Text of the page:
This is the hilarious story of what happens when he discovers that the island is not the paradise he dreamed of. Falling into one amusing misadventure after another, Troost struggles with stifling heat, deadly bacteria, polluted seas, and toxic fish, in a country where the only music to be heard is "La Macarena". He and his stalwart girlfriend, Sylvia, contend with alarmingly large critters, a paucity of food options (including the Great Beer Crisis), and such bizarre local characters as "Half-Dead Fred" and the Poet Laureate of Tarawa, a British drunkard who's never written a poem in his life.
©2004 J. Maarten Troost; (P)2007 Blackstone Audio Inc.
"A comic masterwork of travel writing." (Publishers Weekly)
"Troost has a command of place and narrative that puts his debut in company with some of today's best travel writers." (Elle)
"A delightful, self-depreciating, extremely sly account of life in a place so wretched it gives new, terrible meaning to getting away from it all." (National Geographic Adventure)
I listen to audio books at night in part to lull me to sleep. This book, however, caused the opposite problem: I laughed so hard during the entire book that it kept me awake. The merriment issuing from my side of the bed had to be a trial for my poor, sleep-deprived husband. The author is a Brit, which may provide a cultural explanation for some reviewers' complaints, but it's difficult to imagine anyone not appreciating his wit--or the narrator's excellent performance.
This was my first audible book and I loved it. The visual descriptions were fantastic, it made me laugh out loud. I was so into it I listened even when I wasn't in the car! The narrator was great and easy to hear and understand. There weren't a lot of voices or accents which I appreciated.
Sometimes you just take a chance on a book.. The title isn't one you'd normally reach for, it's in a different genre than you usually read but something just catches your attention and you take a chance.
I did just that with Sex Lives of Cannibals and it tuned out to be one of the funniest books I've had in awhile. I found myself chuckling and laughing throughout it.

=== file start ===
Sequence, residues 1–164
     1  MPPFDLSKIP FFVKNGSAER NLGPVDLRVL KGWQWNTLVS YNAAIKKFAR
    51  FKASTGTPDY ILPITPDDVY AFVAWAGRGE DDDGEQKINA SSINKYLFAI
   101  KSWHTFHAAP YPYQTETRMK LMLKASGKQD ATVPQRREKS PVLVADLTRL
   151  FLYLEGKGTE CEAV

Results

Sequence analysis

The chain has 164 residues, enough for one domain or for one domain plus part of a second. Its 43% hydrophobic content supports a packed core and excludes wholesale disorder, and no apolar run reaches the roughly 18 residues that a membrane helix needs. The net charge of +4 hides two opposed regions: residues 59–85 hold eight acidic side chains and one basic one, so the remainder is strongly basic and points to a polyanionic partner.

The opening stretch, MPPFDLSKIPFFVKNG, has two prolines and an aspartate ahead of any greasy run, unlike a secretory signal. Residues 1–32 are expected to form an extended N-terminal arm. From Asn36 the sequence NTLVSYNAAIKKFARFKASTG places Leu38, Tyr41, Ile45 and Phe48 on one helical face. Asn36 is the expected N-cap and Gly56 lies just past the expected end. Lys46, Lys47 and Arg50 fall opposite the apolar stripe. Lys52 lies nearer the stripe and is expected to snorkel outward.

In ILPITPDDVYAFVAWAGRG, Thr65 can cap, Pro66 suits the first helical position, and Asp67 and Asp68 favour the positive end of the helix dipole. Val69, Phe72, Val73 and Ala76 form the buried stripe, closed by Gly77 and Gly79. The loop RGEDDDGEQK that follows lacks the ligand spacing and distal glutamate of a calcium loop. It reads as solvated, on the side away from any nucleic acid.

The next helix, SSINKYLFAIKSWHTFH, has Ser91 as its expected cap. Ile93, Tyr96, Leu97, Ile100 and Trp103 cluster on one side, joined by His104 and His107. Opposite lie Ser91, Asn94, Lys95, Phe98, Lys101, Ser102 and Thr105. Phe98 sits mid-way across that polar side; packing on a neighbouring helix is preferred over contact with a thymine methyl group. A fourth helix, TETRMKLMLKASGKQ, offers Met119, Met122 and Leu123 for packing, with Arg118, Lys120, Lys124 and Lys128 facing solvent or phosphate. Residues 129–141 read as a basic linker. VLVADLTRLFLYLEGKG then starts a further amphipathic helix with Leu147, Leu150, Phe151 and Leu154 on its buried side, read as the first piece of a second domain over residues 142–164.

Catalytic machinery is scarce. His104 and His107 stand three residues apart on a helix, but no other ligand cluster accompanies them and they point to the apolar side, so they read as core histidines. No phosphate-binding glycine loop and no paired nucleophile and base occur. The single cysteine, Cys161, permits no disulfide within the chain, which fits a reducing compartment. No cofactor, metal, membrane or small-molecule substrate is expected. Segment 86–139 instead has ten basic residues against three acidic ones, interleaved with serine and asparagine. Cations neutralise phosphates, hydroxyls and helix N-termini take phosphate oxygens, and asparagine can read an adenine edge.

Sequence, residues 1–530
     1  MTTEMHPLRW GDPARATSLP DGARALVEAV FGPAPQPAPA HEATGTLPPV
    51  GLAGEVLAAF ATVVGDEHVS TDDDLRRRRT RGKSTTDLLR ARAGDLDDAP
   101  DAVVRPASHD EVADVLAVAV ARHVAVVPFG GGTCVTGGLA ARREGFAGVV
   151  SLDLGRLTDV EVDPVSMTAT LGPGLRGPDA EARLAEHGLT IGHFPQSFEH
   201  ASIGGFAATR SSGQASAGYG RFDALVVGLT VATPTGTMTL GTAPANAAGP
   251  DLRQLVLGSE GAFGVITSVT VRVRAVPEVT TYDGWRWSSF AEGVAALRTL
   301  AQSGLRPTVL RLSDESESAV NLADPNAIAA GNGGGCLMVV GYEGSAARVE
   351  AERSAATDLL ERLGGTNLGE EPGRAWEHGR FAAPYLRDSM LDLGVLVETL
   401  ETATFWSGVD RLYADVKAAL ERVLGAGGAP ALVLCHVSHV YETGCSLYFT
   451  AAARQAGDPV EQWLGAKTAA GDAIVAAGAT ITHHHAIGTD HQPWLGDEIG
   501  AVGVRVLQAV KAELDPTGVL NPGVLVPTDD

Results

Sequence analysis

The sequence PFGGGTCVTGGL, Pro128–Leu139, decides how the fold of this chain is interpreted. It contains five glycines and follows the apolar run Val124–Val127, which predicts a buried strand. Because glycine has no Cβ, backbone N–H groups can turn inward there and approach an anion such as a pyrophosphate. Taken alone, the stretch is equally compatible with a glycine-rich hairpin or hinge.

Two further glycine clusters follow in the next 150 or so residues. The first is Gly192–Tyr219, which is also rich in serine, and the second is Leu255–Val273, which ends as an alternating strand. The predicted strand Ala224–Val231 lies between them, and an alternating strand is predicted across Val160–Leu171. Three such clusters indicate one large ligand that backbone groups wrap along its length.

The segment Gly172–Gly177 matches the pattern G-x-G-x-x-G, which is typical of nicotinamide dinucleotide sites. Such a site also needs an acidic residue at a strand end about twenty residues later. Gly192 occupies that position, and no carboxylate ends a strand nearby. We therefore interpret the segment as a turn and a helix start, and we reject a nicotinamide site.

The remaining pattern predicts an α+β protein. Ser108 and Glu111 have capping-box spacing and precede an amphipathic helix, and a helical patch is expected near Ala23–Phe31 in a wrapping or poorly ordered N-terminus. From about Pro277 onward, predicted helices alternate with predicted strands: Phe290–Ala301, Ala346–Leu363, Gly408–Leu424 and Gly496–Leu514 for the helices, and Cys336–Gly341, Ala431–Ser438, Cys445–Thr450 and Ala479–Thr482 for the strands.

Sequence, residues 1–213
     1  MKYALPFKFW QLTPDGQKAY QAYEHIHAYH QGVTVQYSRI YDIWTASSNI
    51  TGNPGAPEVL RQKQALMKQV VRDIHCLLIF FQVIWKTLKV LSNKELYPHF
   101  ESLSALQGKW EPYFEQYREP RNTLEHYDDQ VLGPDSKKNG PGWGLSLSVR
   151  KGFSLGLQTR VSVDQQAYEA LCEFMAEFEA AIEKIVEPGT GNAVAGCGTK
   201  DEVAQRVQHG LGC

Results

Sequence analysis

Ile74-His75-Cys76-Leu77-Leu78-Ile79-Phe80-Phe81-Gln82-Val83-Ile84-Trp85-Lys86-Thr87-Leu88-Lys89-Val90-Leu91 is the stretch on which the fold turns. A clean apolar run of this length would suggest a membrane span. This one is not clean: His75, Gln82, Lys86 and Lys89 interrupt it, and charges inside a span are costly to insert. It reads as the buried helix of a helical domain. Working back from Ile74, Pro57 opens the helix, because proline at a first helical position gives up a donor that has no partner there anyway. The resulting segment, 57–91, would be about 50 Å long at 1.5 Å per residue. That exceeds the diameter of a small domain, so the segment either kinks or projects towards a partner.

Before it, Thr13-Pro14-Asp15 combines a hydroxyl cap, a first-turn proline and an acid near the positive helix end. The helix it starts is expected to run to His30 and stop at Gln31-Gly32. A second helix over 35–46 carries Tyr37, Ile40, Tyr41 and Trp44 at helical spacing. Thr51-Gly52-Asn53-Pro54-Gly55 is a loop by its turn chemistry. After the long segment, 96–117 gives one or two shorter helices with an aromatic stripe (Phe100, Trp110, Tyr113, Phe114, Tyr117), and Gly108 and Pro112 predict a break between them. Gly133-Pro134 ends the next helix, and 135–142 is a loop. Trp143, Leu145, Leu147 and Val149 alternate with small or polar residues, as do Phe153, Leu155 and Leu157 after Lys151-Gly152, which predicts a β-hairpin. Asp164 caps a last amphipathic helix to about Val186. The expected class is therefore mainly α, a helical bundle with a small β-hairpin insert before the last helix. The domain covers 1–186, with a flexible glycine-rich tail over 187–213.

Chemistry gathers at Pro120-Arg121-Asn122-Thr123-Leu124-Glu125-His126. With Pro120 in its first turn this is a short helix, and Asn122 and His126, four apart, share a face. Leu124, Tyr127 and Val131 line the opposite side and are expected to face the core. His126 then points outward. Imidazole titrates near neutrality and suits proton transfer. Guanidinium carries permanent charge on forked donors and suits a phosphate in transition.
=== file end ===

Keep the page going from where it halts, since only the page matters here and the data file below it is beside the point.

While the author does exaggerate and fictionalizes at times, who cares? This is a tongue in cheek book not a critical travel piece on the Pacific.
The narrator is terrific (though I never did get the logic of having an Englishman read for a New Yorker) and funny.
Take this book as offered, don't analyze it just enjoy it and you're bound to be entertained.
I really enjoyed the dry humor of this book and the funny spin the author could put on just about any situation. I laughed out loud quite often, and even more the second time I listened to it about 7 months later. I also found his observations on island life candid and informative. Having traveled a bit myself in 'out of the way places' I understand that the fantasy of "getting away from it all" is just that, and I enjoyed hearing the trials and tribulations of daily life on an island on the equator. Somewhat graphic at times, but that is what made the story so vivid. I highly recommend this book if you like offbeat humor. I enjoy Anthony Bourdain as well. The narrator was very enjoyable to listen to as well.
My preference for a good story is something totally unusual and not run of the mill stuff. Give me something I haven't heard before.
I wanted to like this book but it had so many emphasis on poop and other related vomit wrenchers that I started to feel like this guy decided to see if he could survive living in a toilet. Frankly, I have seen these scenes and I never want to visit them again. I didn't find this story endearing at all, but just one toilet scene after another.
If you've ever seen film of the poor sections of India, this book is just about that gross.
mostly nonfiction listener
The narrator, Simon Vance, moves this book from mildly diverting to something closer to wonderful. The story of the slacker boyfriend accompanying accomplished partner to remote Pacific Island is a classic of the literary form. Probably a big hit among the development economist set. Think I'll have to read the rest of the Troost/Vance oeuvre.
The Title of this book was obviously selected by the publisher to generate more interest, but nonetheless it doesn't diminish the fact that it's terribly entertaining and funny. The "Cannibals" in the title doesn't refer to the native islanders but rather to the American author and his girlfriend. For some reason the children of the island appear to be undully afraid of the new strangers. The author later finds out it's because the natives tell their children if they don't behave, the foreigners will eat them.
Kept me riveted! Troost has a great sense of humor. I actually learned quite a bit in the process of laughing my head off! Looking forward to listening to it a second time.
Every aspect of this book engaged me - the historical and cultural tidbits, Maarten's account of his experience on the island, but most of all, the relentless humor and wit with which it was all presented. I found myself wanted it to go on and on!
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